The Science of Alcohol Consumption

Is alcohol good for you? According to The Economist, the debate rages on:

Pro-oenological forces point to a large body of evidence demonstrating wine’s positive effect on both the cardiovascular system and longevity. This viewpoint was given additional support this week by a new study in mBio led by Ming-liang Chen and Man-tian Mi of the Third Military Medical University in China. Using mice, the team showed that resveratrol, a molecule found in grapes and berries, reduced the formation of plaques in arteries—a cardiovascular condition known as atherosclerosis that limits blood flow and can trigger heart attacks and strokes.

…But anti-alcohol advocates can claim a victory of their own in the Journal of Studies on Alcohol and Drugs. Tim Stockwell of the University of Victoria in Canada and Tanya Chikritzhs of the National Drug Research Institute at Curtin University in Australia carried out a meta-analysis of 87 epidemiological investigations. They concluded that so-called moderate drinkers do not benefit from a reduction in mortality compared to abstainers. This finding strikes a blow at the very heart of the imbibers’ claim.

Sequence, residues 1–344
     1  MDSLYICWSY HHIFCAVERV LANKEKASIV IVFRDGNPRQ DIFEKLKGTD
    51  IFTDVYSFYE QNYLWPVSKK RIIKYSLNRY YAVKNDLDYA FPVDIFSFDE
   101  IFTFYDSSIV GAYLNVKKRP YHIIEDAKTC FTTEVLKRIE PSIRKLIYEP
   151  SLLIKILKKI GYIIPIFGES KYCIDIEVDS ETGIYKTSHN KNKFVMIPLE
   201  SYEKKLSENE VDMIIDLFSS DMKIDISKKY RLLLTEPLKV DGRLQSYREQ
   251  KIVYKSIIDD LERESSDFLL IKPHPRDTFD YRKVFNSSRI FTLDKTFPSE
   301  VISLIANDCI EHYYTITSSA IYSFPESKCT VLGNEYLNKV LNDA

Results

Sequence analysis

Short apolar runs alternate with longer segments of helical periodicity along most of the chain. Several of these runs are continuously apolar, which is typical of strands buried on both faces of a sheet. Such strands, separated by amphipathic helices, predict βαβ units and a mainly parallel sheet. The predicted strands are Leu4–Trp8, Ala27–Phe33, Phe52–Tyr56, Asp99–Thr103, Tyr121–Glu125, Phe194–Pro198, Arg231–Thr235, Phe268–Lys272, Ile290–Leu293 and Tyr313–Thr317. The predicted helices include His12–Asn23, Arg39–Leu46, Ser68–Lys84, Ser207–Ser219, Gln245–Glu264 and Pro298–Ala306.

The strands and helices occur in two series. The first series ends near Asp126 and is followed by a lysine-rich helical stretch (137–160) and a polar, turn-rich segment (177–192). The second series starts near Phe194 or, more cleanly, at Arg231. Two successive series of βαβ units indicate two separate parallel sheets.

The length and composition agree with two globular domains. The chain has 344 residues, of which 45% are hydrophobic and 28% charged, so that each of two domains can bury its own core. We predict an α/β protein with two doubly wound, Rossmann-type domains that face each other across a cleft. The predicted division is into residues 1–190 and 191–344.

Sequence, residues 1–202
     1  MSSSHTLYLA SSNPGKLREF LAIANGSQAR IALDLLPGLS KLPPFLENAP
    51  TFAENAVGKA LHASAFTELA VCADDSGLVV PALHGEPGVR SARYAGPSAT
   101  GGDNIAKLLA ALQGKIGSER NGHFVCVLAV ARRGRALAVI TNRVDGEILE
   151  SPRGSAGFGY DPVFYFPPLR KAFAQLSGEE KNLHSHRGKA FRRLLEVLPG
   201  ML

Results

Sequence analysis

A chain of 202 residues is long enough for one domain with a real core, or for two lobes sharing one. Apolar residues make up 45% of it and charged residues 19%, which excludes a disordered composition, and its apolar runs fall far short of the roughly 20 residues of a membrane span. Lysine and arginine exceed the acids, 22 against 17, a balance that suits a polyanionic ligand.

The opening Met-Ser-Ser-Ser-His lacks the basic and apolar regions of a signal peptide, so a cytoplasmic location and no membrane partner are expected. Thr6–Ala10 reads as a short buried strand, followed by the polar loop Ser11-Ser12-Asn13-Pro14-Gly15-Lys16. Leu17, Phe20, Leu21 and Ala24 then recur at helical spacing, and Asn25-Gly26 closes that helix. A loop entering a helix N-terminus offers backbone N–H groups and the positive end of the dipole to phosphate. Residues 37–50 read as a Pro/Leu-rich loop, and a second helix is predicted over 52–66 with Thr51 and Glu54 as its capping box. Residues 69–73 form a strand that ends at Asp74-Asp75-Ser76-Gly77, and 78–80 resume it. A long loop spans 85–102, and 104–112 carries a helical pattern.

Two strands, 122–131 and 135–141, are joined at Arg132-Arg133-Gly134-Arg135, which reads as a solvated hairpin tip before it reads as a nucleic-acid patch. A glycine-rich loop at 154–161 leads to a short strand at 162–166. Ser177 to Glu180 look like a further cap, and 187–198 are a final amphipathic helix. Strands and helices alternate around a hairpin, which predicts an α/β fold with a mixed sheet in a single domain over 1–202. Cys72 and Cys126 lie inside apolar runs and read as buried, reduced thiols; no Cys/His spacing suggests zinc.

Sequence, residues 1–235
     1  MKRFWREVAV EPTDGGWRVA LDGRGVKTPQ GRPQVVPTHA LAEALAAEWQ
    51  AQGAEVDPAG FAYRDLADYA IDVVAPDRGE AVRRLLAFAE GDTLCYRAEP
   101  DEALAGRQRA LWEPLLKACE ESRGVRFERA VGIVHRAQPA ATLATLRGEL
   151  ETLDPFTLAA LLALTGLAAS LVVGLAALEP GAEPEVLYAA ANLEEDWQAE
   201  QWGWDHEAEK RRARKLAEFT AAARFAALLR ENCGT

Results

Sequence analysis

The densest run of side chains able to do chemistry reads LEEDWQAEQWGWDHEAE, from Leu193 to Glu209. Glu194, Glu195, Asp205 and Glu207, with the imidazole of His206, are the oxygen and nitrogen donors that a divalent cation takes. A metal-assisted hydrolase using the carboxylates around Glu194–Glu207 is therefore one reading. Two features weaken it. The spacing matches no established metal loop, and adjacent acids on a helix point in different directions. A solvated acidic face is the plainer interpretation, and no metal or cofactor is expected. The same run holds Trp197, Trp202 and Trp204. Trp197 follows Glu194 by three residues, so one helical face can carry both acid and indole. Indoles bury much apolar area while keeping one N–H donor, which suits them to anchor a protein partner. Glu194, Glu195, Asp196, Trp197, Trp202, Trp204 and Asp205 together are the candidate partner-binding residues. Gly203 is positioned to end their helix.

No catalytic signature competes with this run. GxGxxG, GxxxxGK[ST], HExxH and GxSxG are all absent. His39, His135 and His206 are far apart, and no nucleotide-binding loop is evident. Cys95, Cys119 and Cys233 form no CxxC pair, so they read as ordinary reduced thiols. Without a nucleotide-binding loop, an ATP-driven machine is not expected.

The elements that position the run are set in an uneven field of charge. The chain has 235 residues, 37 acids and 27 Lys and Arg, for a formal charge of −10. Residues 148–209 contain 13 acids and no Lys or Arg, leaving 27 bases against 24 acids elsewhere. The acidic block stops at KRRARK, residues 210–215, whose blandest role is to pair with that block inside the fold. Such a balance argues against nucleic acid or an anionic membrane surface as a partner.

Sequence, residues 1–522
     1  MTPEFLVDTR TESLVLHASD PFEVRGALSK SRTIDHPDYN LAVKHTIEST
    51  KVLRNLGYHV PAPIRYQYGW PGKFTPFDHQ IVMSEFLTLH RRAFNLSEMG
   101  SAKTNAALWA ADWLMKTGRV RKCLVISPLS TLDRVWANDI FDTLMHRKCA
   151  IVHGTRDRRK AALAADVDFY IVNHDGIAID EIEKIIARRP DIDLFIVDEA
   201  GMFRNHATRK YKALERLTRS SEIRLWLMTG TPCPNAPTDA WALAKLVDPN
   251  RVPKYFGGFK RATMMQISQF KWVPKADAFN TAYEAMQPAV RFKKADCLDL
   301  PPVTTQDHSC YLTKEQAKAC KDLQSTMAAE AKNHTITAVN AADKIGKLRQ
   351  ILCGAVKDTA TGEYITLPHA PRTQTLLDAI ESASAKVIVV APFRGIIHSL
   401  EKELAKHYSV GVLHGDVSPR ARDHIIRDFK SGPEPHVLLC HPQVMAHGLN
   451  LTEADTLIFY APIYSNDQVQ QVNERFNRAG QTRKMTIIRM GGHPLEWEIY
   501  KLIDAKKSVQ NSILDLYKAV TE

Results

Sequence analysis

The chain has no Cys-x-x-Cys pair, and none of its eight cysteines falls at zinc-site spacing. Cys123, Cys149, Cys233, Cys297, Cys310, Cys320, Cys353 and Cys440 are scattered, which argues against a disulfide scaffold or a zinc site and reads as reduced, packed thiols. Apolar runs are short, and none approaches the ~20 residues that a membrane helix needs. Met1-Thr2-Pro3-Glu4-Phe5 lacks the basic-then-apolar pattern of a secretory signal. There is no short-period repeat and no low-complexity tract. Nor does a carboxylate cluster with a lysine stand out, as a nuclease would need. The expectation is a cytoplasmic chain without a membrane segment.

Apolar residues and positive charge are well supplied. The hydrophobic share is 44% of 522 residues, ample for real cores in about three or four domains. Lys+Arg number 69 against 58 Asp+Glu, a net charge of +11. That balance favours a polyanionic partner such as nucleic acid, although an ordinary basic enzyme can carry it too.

Why is the science of public health so fraught with mixed messages? The article concludes,

First, the statistically significant results reported in journals are often not biologically relevant, because a measurable outcome may be so small that it has no meaningful effect on patients. Second, animals are imperfect models for humans. Third, findings from the laboratory, for reasons not always fully understood, often do not translate to the field. The difficulty of reconciling multiple conflicting lines of evidence means the alcohol debate will rage on. Cheers!